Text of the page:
Before Claire Samson, there was arguably no Éric Duhaime.

The former Coalition Avenir Québec (CAQ) MNA for Iberville was booted from caucus after it was discovered she had made a $100 donation to the Quebec Conservative Party (PCQ).

Yet, in a surprising twist of events following the National Assembly drama, the PCQ saw its popularity skyrocket and its leader, Duhaime, thrust into the spotlight.

The 53-year-old former journalist has served as head of the PCQ since 2021 -- when he won the leadership with 95.99 per cent of the vote.

Duhaime has never been elected, with his last attempt in 2003 when he ran with the now defunct Action démocratique du Québec (ADQ) in the riding of Deux-Montagnes, placing third.

CTV News: What is your top issue during this election and why?

Éric Duhaime: The cost of living is our biggest concern; inflation is at its highest, and the average family is having a hard time making ends meet.

CTV News: What issues, over the last mandate, are you most concerned about?

Duhaime: The way François Legault divided Quebecers, especially with Bill 96, which brought back some historical linguistic fights instead of focusing on real issues.

The same goes with the pandemic, dividing workers between essential and non-essential.

CTV News: How strongly do you think you came across as an opposition party during the last mandate considering you were not elected?

Duhaime: The three other opposition parteies at the National Assembly didn't give enough opposition in the Salon Bleu during the last two years.

They were all agreeing with François Legault, which is one of the main reasons why I decided to step into the political arena.

I truly think we're the only opposition to François Legault, especially when it comes to linguistic rights.

CTV News: Are you surprised at the popularity/attention your party has received following Claire Samson's arrival?

Duhaime: I'm mainly surprised about how much we've grown during the last year.

We went from 500 members to 60,000 members, from one per cent in the polls to 14, 19 or 21 per cent, depending on which poll you're looking at.

Indeed, bringing Claire Samson into the Conservative caucus gave us more media attention and a voice in the National Assembly.

I'll be forever grateful to her.

CTV News: Why do you think your party has gained so much popularity recently? Do you attribute it to controversial things you've said?

Duhaime: I don't think I've said anything that controversial. I would attribute our popularity to my opposition to the current government.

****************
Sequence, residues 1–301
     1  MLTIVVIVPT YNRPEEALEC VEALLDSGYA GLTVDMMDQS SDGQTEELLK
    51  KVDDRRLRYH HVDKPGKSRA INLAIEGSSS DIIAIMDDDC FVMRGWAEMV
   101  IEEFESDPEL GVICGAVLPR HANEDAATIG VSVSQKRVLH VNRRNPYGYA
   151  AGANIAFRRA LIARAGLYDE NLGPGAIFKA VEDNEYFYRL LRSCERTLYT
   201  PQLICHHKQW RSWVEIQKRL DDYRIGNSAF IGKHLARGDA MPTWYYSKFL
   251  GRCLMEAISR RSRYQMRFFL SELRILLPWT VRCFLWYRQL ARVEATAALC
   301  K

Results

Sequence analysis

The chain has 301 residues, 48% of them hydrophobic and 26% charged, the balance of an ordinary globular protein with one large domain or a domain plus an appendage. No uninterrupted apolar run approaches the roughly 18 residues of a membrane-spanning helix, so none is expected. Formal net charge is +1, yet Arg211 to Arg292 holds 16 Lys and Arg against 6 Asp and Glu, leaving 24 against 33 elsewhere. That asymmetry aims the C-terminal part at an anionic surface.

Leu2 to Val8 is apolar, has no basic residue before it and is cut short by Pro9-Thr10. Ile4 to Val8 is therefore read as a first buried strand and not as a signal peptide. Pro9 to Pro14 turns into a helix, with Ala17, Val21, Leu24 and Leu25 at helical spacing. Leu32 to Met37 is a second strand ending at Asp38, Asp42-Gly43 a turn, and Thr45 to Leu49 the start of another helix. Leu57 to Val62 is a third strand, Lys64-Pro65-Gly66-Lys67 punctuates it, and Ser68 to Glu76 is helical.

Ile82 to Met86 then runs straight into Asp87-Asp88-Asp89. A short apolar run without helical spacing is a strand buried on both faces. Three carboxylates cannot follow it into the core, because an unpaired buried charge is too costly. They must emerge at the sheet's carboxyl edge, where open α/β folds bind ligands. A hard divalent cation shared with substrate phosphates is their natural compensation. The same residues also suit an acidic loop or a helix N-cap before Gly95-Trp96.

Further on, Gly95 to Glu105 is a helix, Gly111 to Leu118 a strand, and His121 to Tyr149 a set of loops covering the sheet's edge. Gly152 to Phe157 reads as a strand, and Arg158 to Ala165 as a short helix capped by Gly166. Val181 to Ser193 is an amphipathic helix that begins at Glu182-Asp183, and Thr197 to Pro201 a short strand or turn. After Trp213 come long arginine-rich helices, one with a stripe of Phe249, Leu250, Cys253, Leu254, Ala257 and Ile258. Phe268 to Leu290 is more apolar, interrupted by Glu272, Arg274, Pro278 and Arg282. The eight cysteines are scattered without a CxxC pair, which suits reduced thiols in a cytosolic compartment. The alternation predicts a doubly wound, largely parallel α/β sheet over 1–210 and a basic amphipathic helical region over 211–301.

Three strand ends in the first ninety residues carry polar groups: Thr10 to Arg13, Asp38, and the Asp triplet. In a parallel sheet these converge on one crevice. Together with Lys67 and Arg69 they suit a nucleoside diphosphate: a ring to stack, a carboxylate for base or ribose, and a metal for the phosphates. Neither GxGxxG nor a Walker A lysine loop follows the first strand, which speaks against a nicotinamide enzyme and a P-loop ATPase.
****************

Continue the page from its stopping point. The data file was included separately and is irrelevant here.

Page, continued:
CTV News: Do you plan to remain party leader no matter the results?

Duhaime: When I announced that I was running to become the leader of the Conservative Party of Quebec, I said it loud and clear that it'll be for a decade.

CTV News: If your party is elected, what do you think your biggest challenge is going to be?

Duhaime: Inexperience. Even for myself, it's my first time being a party leader -- same goes for my team; a lot of them are in their first experience in their position.

Although, being a smaller team allows us to better control the flow of information and send the right messages.

CTV News: Do you plan to encourage gender parity in your party? How do you expect to retain female politicians, especially regarding issues of work-life balance, sexual harassment etc.?

Duhaime: We don't preach for gender parity. We believe in competence, and we believe women are as competent as men.

We will never discriminate against a woman who has issues with work-life balance and will always accommodate them.

We will never tolerate sexual harassment -- this is a big no for me.

CTV News: What made you interested in running for office? Is it what you expected it to be?

Duhaime: I voted my whole life. I voted for François Legault during the last election, and when I realized that he betrayed his voters and that nobody opposed him, I told myself that I needed to run to make a change.

Honestly, I am not where I expected myself to be.

I told myself I would be satisfied if I was elected in my riding, but I'm seeing now that we're competitive in many of them [the ridings].

It's beyond my expectation.

CTV News: What is one positive thing you experienced during the pandemic?

Duhaime: The growth of my political party.

CTV News: What's your favourite thing about being on the campaign trail?

Duhaime: Being able to share my ideas and values with all Quebecers.

I believe many conservatives who don't yet know they are part of our political family, and my goal will be to be heard and understood by them.

CTV News: In one sentence or two, why should people vote for your party?

Duhaime: Our main objective with the proposals of the Conservative Party is to unite the Quebecers, not divide them.

We want to give them more choices for their health care, more money in their pockets with tax cuts, as well as protect the French language in a positive way and repeal Bill 96, which mainly aims at dividing the English community and the French community.

This profile is part of a series spotlighting Quebec's five main party leaders. The Parti Québécois (PQ) has chosen not to participate. Responses have been edited for clarity and concision.